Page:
*Or, more appropriately than pudding in this situation, the proof is in the oatmeal with blueberries and almonds.

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  1. This post has definitely caught my attention and is very interesting i am going to make sure i read more of your content. I also agree with this post as when i write down bad feelings it sure helps me get over them.

    Liked by 3 people

  2. This is extremely useful for me and an exercise I will definitely try and fit into my writing routine. It has come at a great time for me as I am almost half way through my first novel and sometimes I need that short writing exercise to kick start my day. Thanks for the post!

    Liked by 3 people

  3. Thanks a lot for the inspiration, I’m sure a lot of people (including me), have felt that way you described. Great exercise. Great post.

    Liked by 3 people

  4. Nicely put (and done). It took me about a zillion years to return to my hopeful, optimistic youth. As Shakespeare suggested, nothing is either good or bad, but thinking makes it so. Good job.

    Liked by 1 person

  5. Right or is that write? One does need to sit on the Throne of Pity for a bit in order to better hold to what you have been given. Both are needed. So when I climb down I also take a minute or two to practice gratitude.

    Liked by 4 people

  6. I love that I can write a post exactly as I want it – with all my feelings and thoughts as they come – and save it as a draft.

    Then I come back a day later to edit and change it. I amazed at how in just a day or even a few hours my whole outlook can change!

    Liked by 1 person

  7. I totally experienced the rejuvenating power of writing yesterday! I just focused on writing my book… but I love the idea of doing of kind of resetting your day by letting the negativity out and writing down the positives. AWESOME!

    Liked by 1 person

  8. Writing is the best therapy. I’ve worked through many an impasse just by throwing it at my characters and watching how they solve it.

    When I’m angry at a family member, I spend time working and re-working the email by reading it to myself via a text reader. It’s like listening to the other person giving the argument and watching as the answer to solving the problem presents itself over and over again.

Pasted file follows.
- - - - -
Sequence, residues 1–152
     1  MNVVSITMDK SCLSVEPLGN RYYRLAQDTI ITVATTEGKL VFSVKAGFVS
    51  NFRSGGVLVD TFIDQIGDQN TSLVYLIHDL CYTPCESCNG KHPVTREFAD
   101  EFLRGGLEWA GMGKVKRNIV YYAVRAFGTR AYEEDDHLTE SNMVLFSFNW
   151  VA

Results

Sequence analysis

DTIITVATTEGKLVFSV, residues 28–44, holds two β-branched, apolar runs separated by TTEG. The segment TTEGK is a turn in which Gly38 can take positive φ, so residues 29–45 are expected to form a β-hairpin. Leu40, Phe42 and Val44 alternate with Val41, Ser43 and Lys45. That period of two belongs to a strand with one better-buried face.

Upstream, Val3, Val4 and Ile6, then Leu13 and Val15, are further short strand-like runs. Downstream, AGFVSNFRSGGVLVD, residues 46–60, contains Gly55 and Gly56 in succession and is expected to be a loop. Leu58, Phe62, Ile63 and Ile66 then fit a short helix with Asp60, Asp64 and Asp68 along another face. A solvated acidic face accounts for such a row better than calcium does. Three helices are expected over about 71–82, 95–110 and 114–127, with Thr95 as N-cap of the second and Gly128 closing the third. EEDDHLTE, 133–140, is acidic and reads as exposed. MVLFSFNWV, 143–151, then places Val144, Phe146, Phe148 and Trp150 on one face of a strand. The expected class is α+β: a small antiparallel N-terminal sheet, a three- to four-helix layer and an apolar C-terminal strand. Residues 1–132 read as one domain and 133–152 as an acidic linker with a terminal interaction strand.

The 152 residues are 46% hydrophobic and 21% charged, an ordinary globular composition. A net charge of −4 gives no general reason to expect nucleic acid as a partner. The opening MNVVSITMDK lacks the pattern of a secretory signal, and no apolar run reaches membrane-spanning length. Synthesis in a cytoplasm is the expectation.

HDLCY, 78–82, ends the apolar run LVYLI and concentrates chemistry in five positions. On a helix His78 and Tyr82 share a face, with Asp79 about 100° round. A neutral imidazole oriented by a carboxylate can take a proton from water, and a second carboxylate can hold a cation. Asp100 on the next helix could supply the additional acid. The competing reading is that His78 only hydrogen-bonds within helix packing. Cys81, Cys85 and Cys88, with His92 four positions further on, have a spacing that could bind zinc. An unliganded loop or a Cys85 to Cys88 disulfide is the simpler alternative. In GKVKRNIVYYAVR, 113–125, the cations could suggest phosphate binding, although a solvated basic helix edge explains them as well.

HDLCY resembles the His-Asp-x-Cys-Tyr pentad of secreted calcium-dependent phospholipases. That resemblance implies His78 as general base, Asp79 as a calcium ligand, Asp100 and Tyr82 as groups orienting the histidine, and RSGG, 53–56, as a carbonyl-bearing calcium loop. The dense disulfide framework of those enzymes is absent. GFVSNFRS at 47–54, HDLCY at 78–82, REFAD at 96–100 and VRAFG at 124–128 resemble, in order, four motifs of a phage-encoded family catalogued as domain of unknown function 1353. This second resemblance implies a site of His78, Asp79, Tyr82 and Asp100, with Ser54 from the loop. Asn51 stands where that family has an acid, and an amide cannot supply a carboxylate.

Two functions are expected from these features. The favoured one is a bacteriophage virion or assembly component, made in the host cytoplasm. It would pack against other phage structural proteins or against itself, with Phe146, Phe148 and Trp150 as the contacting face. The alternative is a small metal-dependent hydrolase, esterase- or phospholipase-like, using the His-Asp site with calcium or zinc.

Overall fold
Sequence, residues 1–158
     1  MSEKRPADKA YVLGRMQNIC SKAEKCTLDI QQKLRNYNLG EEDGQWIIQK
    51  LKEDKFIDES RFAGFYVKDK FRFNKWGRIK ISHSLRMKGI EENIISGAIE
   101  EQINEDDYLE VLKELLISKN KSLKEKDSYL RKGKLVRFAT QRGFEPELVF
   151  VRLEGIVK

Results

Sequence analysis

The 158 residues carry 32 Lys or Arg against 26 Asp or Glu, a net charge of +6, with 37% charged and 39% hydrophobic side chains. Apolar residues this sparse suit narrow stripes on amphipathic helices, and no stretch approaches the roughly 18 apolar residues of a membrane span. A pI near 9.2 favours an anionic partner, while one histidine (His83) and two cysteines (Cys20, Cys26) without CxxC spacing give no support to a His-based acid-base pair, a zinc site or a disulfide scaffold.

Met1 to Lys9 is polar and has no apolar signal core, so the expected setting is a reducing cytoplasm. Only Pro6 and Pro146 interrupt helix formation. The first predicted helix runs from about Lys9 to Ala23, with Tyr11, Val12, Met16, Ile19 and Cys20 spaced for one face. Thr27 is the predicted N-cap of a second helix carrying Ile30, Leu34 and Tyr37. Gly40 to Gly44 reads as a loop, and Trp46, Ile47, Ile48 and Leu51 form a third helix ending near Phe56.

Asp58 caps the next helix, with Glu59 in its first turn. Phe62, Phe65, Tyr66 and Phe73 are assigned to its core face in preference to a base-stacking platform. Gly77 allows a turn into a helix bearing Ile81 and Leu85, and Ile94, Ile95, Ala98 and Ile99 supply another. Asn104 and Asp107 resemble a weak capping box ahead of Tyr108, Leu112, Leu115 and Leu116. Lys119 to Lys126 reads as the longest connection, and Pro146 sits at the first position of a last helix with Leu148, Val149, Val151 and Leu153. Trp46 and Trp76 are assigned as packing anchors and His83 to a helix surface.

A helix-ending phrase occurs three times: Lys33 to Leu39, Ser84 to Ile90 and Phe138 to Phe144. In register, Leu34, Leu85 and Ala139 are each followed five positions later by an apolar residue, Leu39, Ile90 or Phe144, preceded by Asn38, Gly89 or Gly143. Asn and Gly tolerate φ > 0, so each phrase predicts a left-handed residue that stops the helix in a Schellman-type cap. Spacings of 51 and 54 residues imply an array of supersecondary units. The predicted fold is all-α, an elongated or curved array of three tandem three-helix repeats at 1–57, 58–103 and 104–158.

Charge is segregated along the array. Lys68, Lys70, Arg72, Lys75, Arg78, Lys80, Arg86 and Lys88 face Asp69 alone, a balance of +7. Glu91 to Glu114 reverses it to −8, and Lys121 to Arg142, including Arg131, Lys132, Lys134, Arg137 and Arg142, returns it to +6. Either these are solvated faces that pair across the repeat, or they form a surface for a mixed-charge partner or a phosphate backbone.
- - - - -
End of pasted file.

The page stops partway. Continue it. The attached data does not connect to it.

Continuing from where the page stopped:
Liked by 3 people

  9. Well said and very accurate. I hadn’t blogged in years. However, after my mom passed away several weeks ago I found that writing about her was the most healthy way I could find to deal with the loss.

    Liked by 4 people

  10. I have written my negative feelings on my blog. Reading them after some time felt silly. Especially after realising that they were such small issues.

    Liked by 2 people

  11. This is a lovely post, and is very inspiring. Simple tasks can become so difficult so this was a very relatable post. Good job on opening up about this and acknowledging what your normal patterns and behaviours are and trying to overcome personal challenges.

    Liked by 1 person

  12. Recently, we did the “Victim Idol” game. Based on Pop Idol, you tell others your woes and the one who gets the biggest Awwww wins. The great thing of this is to laugh at it- “Oh! I suffer so much!” Or even enjoy it.

    Liked by 2 people

  13. Writing of any vector, positive, negative, or otherwise, can be very medicinal. Get out all the horrible things you are thinking so they aren’t clogging up the harmony, evict the evil, nurture the nutritious. I’ve used writing as mental medicine since I could pick up a pen. when I don’t get to exercise a daily dose, I feel the difference.

    Liked by 3 people

  14. I love this idea! I will definitely try it especially on Monday mornings when I fight with myself not to stay in bed.

    Liked by 2 people

  15. Hi everyone! I am new to the blogging scene, and it would be so lovely if someone would take a look at my blog! Feedback is optional, but would be greatly appreciated!